When she came to ASU in 2016, Capielo knew she wanted to create something like that here. It started slowly, with one student, then two — today, the PLENA (Psicología Latinx en Accíon) Lab has grown to 15 students, representing undergraduate, master’s and doctoral students.
As was true of Capielo’s group at the University of Georgia, the PLENA Lab serves as a space for psychology students researching issues of multiculturalism and Latino psychology to network, collaborate and support one another.
Loiza DeJesus, a first-year PhD student in counseling psychology, first learned about Capielo, her work and the PLENA Lab at a National LatinxLatinx is a gender-neutral replacement for Latino preferred by some individuals and groups. Psychological Association conference a few years ago.
“I spent like two years doing everything that I could to get into this lab,” said DeJesus, who is also of Puerto Rican descent but hails from Chicago, where she received her master’s degree from Roosevelt University.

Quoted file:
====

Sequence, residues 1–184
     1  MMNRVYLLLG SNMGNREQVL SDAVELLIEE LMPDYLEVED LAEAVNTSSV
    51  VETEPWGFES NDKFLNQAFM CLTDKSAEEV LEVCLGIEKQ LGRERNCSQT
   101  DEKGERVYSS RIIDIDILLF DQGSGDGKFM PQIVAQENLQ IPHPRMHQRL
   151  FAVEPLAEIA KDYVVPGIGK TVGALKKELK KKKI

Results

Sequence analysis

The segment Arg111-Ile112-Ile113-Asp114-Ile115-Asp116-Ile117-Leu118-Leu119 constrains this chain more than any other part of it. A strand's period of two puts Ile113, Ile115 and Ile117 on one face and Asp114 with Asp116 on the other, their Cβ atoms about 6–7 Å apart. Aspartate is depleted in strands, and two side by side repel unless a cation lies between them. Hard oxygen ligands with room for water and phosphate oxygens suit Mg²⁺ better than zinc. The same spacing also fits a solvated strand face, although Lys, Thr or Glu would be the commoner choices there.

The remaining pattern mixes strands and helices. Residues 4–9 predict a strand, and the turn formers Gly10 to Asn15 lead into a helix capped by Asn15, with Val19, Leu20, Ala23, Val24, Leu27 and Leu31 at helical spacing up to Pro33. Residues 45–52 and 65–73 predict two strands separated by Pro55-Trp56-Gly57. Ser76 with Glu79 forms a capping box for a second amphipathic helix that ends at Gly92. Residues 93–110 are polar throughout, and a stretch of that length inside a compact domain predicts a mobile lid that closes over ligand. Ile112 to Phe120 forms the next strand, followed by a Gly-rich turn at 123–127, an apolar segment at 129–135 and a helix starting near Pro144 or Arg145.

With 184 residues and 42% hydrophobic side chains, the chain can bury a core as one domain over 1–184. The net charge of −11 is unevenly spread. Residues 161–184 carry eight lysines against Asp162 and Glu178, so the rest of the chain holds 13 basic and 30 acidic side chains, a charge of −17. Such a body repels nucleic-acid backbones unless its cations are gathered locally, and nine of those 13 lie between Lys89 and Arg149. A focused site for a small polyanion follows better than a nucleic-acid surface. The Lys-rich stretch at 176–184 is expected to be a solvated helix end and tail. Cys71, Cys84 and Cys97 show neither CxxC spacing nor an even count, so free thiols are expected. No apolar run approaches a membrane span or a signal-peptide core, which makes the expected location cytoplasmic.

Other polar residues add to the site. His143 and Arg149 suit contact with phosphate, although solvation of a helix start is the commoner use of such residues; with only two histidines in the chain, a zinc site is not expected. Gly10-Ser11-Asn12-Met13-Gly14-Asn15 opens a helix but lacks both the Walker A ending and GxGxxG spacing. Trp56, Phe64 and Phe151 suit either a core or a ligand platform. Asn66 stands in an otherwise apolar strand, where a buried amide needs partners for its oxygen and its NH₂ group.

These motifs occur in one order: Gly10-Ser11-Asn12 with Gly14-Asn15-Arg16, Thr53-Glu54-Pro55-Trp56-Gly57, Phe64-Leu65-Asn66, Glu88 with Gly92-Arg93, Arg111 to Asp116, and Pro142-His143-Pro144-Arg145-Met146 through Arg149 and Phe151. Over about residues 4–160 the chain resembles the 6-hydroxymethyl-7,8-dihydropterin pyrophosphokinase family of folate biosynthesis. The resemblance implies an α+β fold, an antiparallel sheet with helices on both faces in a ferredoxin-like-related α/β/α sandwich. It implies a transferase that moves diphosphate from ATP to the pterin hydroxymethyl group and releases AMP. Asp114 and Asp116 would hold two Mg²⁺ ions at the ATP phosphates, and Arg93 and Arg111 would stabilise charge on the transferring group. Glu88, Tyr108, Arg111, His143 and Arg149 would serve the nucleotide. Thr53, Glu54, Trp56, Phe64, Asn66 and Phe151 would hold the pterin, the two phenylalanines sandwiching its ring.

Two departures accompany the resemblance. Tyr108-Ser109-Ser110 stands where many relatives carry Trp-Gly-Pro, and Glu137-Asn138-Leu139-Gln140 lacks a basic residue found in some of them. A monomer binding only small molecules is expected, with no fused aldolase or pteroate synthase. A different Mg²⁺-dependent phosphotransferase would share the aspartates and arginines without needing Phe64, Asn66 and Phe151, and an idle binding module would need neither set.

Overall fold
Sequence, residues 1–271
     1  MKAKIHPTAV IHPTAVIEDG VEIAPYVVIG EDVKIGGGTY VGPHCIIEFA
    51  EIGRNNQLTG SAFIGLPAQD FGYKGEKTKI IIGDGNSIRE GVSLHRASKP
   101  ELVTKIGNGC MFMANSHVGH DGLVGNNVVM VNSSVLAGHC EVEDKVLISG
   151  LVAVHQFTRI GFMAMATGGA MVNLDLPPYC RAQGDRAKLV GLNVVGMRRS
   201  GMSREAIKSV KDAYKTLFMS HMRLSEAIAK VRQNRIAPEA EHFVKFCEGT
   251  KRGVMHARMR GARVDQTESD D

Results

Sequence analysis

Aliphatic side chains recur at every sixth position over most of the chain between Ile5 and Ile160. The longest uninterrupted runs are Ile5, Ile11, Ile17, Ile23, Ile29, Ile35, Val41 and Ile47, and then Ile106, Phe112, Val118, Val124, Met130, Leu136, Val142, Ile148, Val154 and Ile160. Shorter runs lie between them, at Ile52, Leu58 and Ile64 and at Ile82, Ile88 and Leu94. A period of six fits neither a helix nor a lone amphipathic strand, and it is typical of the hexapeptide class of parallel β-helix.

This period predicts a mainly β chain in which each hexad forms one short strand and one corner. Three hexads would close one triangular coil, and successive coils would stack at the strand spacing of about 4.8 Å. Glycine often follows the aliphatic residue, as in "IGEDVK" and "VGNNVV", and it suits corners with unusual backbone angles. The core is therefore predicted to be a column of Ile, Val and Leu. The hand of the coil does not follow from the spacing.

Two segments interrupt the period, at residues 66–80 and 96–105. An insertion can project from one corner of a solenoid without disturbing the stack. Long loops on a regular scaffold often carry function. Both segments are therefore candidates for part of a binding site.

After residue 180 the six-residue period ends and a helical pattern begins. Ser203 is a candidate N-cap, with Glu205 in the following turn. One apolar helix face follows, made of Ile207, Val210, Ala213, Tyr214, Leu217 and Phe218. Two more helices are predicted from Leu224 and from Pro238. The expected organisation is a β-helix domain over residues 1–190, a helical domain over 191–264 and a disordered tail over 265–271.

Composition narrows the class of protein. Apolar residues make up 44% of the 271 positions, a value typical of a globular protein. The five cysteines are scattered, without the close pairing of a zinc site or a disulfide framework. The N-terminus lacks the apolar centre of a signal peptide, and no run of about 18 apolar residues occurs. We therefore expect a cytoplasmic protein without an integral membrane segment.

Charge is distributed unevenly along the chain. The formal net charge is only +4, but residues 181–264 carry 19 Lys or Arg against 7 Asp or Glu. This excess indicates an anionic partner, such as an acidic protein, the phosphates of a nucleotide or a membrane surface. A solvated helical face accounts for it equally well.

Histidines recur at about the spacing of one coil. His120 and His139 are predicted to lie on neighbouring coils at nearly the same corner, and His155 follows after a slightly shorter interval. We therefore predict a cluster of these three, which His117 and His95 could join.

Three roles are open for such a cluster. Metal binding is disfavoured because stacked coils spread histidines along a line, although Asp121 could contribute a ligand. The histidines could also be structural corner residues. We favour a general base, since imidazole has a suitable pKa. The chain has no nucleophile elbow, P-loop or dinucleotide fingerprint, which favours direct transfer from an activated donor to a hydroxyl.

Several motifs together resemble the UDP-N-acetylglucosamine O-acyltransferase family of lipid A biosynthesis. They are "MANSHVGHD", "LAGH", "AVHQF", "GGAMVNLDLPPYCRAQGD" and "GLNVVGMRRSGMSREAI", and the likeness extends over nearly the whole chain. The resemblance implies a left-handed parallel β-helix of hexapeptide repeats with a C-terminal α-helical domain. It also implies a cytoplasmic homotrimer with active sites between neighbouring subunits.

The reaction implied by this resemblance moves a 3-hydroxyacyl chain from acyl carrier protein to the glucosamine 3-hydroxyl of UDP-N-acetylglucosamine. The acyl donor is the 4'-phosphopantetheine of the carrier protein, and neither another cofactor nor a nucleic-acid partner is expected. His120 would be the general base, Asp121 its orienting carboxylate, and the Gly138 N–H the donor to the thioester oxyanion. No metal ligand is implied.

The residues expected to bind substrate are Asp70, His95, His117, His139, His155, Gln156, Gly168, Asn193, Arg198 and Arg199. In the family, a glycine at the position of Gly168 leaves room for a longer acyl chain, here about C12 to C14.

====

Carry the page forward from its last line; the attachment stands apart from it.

“I was very specifically looking for somebody doing work with Puerto Ricans, which is very rare. I could probably count on one hand the number of Puerto Ricans in the field who are doing this kind of work. But Latinx psychology researchers in general are still incredibly rare.”
The nature of Capielo’s research stems from her own experience.
“When my family moved here, we thought that as Puerto Ricans, because we were U.S. citizens, it would be easy to adjust,” Capielo said. “We thought my parents would be able to find jobs commensurate to their education and experience, and that my sister and I would transition smoothly into school. It was not that way.”
Instead, Capielo recalled, they experienced racism, difficulty finding employment and navigating the school system, and a host of psychological issues as a result. As she began to meet other Latino immigrants whose stories were similar to hers, she became determined to get to the root of the cause.
“What I kept finding in my own data and learning from other scholars is that these persistent health disparities — and as a result, a person’s overall well-being — are inextricably connected to socio-political factors,” …….